Our Cataloguing Archivist Rachael, who has been with us since May 2017, will be leaving the Glasgow School of Art to start a new job at the University of Strathclyde in the New Year. Here, she says farewell!
I have been privileged enough to dive into the fabulous collections of the Glasgow School of Art over the past 18 months in my role as Cataloguing Archivist and it has been quite a treat! I concentrated on the institutional archives and firstly got to grips with the papers of the Governors of the School. I discovered some brilliant records including one of the foundational documents of the School: The Memorandum and Articles of Association, and the earliest catalogue of School books and casts! It was also fascinating to uncover the story of the extension to the School, across the street from the Mackintosh Building, that closely followed the completion of the iconic building and where the Vic Bar is now located.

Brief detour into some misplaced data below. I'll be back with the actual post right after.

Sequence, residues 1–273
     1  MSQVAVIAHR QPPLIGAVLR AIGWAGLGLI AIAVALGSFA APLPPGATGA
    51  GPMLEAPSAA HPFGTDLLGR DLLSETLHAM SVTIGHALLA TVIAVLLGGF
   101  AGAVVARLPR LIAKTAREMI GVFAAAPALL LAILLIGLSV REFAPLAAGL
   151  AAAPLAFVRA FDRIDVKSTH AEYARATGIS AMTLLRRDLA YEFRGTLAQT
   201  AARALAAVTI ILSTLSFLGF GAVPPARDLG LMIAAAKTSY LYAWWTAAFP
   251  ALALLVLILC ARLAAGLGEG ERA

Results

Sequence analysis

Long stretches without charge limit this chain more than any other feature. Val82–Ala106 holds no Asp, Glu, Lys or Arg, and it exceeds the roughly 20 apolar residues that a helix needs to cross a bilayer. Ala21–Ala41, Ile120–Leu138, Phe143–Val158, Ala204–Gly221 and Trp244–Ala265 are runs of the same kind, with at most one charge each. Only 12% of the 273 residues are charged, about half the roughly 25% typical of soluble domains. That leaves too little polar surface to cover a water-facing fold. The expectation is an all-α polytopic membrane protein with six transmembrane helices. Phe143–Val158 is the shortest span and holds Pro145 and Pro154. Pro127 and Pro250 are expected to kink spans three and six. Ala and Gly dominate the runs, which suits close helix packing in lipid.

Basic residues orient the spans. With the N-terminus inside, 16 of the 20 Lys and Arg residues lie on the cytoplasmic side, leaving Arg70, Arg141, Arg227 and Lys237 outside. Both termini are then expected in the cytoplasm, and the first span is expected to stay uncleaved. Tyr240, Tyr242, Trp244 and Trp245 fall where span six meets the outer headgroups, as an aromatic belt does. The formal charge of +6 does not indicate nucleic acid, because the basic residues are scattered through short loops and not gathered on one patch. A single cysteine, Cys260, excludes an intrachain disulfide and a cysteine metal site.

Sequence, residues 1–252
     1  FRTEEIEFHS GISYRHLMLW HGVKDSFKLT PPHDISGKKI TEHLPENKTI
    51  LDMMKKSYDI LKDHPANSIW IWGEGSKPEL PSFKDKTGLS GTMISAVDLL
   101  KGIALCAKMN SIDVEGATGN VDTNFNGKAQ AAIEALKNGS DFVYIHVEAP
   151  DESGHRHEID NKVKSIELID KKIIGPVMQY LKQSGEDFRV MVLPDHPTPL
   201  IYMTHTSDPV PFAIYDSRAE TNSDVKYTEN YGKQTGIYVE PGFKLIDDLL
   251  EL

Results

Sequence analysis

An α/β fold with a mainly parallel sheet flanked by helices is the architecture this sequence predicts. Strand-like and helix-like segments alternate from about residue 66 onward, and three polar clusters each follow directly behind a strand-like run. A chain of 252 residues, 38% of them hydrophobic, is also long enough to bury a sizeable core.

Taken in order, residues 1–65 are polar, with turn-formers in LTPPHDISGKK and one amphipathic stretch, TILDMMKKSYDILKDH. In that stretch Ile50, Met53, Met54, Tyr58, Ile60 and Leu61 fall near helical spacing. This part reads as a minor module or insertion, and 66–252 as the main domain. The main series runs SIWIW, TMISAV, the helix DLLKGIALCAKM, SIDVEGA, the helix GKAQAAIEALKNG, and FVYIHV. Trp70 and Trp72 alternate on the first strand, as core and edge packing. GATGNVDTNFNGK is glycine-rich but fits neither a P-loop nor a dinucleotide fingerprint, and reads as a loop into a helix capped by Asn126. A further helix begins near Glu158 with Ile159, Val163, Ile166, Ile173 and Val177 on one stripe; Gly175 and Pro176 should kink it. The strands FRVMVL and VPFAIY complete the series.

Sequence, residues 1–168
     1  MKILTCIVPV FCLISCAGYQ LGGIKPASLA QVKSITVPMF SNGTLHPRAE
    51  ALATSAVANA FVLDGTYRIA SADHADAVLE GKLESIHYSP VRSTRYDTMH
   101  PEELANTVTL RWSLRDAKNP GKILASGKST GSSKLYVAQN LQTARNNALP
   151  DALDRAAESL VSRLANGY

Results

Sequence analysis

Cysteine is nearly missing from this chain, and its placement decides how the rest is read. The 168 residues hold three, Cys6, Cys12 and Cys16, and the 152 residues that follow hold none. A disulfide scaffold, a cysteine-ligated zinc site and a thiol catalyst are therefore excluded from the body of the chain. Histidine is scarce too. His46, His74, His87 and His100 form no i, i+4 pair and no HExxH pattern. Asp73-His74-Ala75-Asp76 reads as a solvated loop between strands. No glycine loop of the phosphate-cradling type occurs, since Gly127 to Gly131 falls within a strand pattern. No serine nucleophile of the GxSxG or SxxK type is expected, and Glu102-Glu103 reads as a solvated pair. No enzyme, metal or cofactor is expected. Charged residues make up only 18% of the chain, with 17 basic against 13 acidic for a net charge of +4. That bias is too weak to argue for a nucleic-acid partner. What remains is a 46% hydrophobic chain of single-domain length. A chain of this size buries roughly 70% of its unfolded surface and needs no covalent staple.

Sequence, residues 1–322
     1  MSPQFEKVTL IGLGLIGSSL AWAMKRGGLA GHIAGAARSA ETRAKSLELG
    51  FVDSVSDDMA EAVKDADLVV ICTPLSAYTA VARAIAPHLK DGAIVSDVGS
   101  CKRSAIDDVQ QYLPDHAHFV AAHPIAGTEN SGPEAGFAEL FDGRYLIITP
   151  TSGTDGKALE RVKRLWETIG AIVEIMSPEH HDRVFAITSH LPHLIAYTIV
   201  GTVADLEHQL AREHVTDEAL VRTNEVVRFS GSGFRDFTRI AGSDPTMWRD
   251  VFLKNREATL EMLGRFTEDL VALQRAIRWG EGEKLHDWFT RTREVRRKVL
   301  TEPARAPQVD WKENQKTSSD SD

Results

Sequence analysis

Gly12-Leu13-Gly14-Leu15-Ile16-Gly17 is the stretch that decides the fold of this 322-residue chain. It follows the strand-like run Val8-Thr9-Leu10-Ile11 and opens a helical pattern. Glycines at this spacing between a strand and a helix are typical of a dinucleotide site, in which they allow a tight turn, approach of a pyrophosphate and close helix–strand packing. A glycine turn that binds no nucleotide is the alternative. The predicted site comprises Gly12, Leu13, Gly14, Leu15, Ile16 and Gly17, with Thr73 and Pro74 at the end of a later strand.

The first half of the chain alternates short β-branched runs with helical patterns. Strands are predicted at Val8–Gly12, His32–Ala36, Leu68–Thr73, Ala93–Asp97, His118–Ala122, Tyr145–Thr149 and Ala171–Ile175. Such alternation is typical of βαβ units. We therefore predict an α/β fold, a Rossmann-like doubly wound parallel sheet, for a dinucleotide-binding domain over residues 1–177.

After completing the cataloguing of the Board of Governors’ papers, I turned my attention to the records of the Academic Council. The Academic Council was established in 1973 when the Board of Governors was directed to establish a body with responsibility for academic development, maintenance of standards and proper conduct of courses. These records will be very valuable for charting the academic progress of the School and to chart the changes in the curriculum through history.
My favourite collection to work on, however, has been the papers of the Directors of the Glasgow School of Art. Some of these papers had already been catalogued, but I was lucky enough to find a cache of un-processed papers from the Francis Newbery collection (DIR/5) and discover some brilliant correspondents within the files such as William Morris and Auguste Rodin! The papers of William Hutchison, Director from 1933-1943, were also fascinating and painted a picture of the Art School managing to survive through the War Years. Douglas Percy Bliss’ correspondence files also gave an impression of a ‘Day in the Life’ of a Director of the Glasgow School of Art during the 1940s to 1960s.
I have really enjoyed working with the brilliant institutional collections here at the Glasgow School of Art and it had been hugely rewarding to help make these valuable records more accessible to researchers. Thank you to all my colleagues who have made me very welcome: I’ll miss the fantastic archives team, the fascinating cataloguing finds, and the tea and cakes! May the brilliant work being done by the Archives & Collections team long continue!